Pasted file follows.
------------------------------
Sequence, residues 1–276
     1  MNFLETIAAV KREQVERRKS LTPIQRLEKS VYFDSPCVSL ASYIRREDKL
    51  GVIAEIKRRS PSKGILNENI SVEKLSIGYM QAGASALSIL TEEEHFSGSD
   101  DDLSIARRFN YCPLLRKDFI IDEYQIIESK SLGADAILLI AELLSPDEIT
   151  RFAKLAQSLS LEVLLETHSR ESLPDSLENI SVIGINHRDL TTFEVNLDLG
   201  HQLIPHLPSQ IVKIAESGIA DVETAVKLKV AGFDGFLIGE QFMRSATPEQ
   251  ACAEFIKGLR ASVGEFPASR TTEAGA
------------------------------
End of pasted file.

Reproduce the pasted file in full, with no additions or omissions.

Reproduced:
Sequence, residues 1–276
     1  MNFLETIAAV KREQVERRKS LTPIQRLEKS VYFDSPCVSL ASYIRREDKL
    51  GVIAEIKRRS PSKGILNENI SVEKLSIGYM QAGASALSIL TEEEHFSGSD
   101  DDLSIARRFN YCPLLRKDFI IDEYQIIESK SLGADAILLI AELLSPDEIT
   151  RFAKLAQSLS LEVLLETHSR ESLPDSLENI SVIGINHRDL TTFEVNLDLG
   201  HQLIPHLPSQ IVKIAESGIA DVETAVKLKV AGFDGFLIGE QFMRSATPEQ
   251  ACAEFIKGLR ASVGEFPASR TTEAGA